It is therefore of utmost importance to look back on our lives and see everything that has happened through this grid, namely that:
  • God has been at work through the various influences of our lives – “created in Christ.” All of our experiences and troubles and our family and friends must be seen as the instruments of an artist used to mold and shape us. He has been at work all of our lives!
  • God has been at work to make us something beautiful – “workmanship.” God is out to make our beings something great—to give us characters of love, joy, peace, patience, kindness, integrity, humility and self-control.
  • God has been at work to make us something useful – “good works… prepared beforehand.” God is also out to make our doings something great – to make us helpful and able to serve others in special ways.
Paul uses this “doctrine of workmanship” like a pair of spectacles through which to view his entire life.
First, in Galatians 1.13-23, he shows us that he now sees God at work throughout his whole life (“God, who set me apart from birth and called me,” v.15).
Secondly, he now sees that God used the gospel to make him something beautiful. He had been a fanatically intense person who felt superior in his self-righteousness and only criticized others (“intensely I persecuted… extremely zealous for the traditions,” v.14). But God humbled him and showed him he was nothing apart from undeserved grace (“called me by his grace and was pleased to reveal his Son in me”) so that now he loves to lead people to praise and thanks (“they praised God because of me,” v.24).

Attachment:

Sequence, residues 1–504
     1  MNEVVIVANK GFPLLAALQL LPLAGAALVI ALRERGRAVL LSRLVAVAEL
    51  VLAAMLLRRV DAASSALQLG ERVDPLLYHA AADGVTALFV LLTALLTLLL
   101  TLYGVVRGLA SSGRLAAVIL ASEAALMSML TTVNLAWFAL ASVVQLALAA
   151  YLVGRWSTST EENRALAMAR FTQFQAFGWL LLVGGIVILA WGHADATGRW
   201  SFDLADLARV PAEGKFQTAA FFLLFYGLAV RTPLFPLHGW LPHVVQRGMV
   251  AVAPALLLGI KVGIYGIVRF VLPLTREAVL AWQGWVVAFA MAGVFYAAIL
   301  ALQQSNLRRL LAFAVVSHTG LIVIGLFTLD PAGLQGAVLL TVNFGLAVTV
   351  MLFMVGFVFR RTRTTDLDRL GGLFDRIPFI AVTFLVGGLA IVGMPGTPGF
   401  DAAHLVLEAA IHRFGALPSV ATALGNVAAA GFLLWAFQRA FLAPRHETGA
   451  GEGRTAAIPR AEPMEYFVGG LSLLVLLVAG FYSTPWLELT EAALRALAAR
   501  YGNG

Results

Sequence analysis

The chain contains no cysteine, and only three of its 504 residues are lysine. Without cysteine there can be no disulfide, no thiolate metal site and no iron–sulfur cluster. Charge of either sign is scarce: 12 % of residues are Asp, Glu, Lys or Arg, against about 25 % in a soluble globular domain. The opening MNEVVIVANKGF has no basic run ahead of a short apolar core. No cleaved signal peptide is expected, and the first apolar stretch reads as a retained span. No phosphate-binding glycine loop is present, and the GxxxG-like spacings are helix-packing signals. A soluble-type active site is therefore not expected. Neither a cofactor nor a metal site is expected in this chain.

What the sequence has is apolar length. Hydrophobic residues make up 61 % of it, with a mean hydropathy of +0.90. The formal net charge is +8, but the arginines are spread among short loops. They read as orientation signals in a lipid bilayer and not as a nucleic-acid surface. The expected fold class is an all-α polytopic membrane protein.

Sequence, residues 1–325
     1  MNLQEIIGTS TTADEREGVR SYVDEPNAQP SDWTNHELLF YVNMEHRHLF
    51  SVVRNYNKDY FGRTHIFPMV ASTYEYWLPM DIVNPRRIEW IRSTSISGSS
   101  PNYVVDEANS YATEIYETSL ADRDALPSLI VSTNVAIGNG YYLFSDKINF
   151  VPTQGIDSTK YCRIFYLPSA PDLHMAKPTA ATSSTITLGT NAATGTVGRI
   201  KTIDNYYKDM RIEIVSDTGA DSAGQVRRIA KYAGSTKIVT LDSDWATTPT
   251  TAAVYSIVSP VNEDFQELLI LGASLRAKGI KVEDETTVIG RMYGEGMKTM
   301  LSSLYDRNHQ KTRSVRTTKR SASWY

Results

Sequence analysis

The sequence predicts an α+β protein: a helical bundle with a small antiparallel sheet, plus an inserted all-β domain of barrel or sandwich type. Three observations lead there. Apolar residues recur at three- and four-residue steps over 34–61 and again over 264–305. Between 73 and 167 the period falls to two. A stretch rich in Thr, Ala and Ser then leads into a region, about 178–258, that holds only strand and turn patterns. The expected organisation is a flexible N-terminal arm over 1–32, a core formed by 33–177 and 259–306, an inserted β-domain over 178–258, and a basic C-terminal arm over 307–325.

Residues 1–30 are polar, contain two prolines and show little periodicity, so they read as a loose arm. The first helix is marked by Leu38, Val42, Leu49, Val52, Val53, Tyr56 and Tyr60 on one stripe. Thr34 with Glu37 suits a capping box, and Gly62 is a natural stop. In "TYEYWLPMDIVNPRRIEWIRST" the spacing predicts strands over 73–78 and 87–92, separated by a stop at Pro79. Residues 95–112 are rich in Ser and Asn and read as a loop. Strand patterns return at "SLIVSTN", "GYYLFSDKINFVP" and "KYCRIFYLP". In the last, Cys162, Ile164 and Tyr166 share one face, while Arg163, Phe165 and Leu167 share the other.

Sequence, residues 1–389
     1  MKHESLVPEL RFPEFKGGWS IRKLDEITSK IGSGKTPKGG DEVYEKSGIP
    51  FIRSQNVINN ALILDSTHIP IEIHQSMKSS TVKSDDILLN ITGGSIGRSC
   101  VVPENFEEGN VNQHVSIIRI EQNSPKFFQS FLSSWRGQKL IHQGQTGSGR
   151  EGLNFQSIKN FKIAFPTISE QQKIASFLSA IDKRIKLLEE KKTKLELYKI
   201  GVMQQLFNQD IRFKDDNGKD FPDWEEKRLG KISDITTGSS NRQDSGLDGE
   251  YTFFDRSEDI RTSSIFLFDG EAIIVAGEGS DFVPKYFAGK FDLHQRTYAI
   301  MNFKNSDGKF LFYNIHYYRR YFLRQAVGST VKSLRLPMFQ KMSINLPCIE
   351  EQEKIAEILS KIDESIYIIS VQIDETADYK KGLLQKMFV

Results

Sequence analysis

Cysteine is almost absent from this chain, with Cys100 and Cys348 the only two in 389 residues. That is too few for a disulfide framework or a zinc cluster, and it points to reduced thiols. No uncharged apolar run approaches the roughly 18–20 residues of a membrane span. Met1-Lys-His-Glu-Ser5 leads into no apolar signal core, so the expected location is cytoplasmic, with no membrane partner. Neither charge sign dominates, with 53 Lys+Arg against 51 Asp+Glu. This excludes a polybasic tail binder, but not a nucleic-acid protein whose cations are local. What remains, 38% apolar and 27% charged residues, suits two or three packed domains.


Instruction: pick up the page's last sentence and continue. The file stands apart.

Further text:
Thirdly, he realizes that though his obsessive study of the Bible and theology (“the traditions”) was originally motivated by self-righteousness and the need to feel superior, he was now, as a Christian, uniquely equipped to be a preacher, teacher and evangelist (“so that I might preach him among the Gentiles”). His scholarship and knowledge of the Bible enabled him to bridge the gap between Christianity and various pagan philosophies and religions.

-Taken from Tim Keller’s A Gospel Changed Life